Beat Keller is a doctoral researcher at the Jülich Institute of Bio- and Geosciences (IBG-2). He has been spending one month conducting research at the University of Wollongong and at CSIRO in Canberra, Australia. He analyses the fluorescence of plants in relation to their photosynthesis rate, for example in order to recognize stress early on…


Beat Keller and a kangaroo Source: privat

“The opportunity to conduct research in Australia during my doctoral degree at Jülich thrilled me right from the start. And now I’m actually here, in the land of kangaroos! I study plant-sun interactions together with my Australian colleagues on the campus of the University of Wollongong, located on the East coast.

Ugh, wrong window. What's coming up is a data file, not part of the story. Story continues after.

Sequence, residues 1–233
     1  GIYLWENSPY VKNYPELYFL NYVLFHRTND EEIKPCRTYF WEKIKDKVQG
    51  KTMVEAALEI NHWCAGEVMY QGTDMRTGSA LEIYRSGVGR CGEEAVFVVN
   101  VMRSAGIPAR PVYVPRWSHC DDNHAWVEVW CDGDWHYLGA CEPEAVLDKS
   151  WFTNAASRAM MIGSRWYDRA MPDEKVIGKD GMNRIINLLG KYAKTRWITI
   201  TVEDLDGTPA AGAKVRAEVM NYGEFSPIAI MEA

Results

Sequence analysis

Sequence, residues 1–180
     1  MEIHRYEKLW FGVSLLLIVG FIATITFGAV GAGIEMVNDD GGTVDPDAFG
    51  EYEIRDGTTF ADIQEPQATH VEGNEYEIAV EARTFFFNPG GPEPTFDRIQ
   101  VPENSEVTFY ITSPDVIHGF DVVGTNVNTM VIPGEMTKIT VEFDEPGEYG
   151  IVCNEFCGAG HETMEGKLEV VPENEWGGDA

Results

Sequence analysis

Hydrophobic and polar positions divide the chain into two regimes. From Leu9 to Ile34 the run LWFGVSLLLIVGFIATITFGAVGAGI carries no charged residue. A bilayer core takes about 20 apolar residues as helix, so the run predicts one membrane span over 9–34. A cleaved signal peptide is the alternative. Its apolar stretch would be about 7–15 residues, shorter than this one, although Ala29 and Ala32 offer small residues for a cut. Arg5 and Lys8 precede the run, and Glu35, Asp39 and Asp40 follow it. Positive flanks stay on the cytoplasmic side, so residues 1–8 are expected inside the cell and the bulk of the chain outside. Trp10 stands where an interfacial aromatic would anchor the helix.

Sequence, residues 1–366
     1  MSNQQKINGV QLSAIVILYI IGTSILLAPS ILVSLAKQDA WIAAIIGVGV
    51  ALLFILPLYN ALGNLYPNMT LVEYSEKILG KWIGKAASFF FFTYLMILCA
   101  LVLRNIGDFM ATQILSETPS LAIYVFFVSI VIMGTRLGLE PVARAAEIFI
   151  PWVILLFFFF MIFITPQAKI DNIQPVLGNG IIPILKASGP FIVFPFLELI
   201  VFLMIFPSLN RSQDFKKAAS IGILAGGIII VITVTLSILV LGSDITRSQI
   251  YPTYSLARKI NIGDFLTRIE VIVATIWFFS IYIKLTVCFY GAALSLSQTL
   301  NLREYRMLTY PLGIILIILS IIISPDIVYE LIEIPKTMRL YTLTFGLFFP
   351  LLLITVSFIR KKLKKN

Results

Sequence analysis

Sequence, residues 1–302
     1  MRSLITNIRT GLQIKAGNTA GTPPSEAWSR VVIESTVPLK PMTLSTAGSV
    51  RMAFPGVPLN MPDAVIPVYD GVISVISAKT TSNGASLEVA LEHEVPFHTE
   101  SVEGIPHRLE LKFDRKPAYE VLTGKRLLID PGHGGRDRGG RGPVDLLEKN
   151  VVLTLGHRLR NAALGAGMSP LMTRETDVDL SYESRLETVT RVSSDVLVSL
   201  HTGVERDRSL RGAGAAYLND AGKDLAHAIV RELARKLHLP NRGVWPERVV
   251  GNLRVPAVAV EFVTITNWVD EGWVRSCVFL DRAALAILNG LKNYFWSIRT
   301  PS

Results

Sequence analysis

The research is conducted on a former cricket field – an ideal stretch of land to observe plant fluorescence at various times of the day, since there is no shade here. But because the Australian sun burns so intensively, I had to completely recalibrate the instrument that I use to measure plant photosynthesis fluorescence.

At CSIRO research centre in Canberra, in contrast, I conduct all my measurements in greenhouses and laboratories. There – in the dry hinterland – I also had the opportunity to explore Tidbinbilla Nature Reserve. This secluded, hilly region looks a bit like the Eifel – simply add kangaroos.”


View on the Australian east coast Source: privat


About Gastblogger

This post was written by a guest contributor.

No Comments

Be the first to start a conversation

Leave a Reply

  • (will not be published)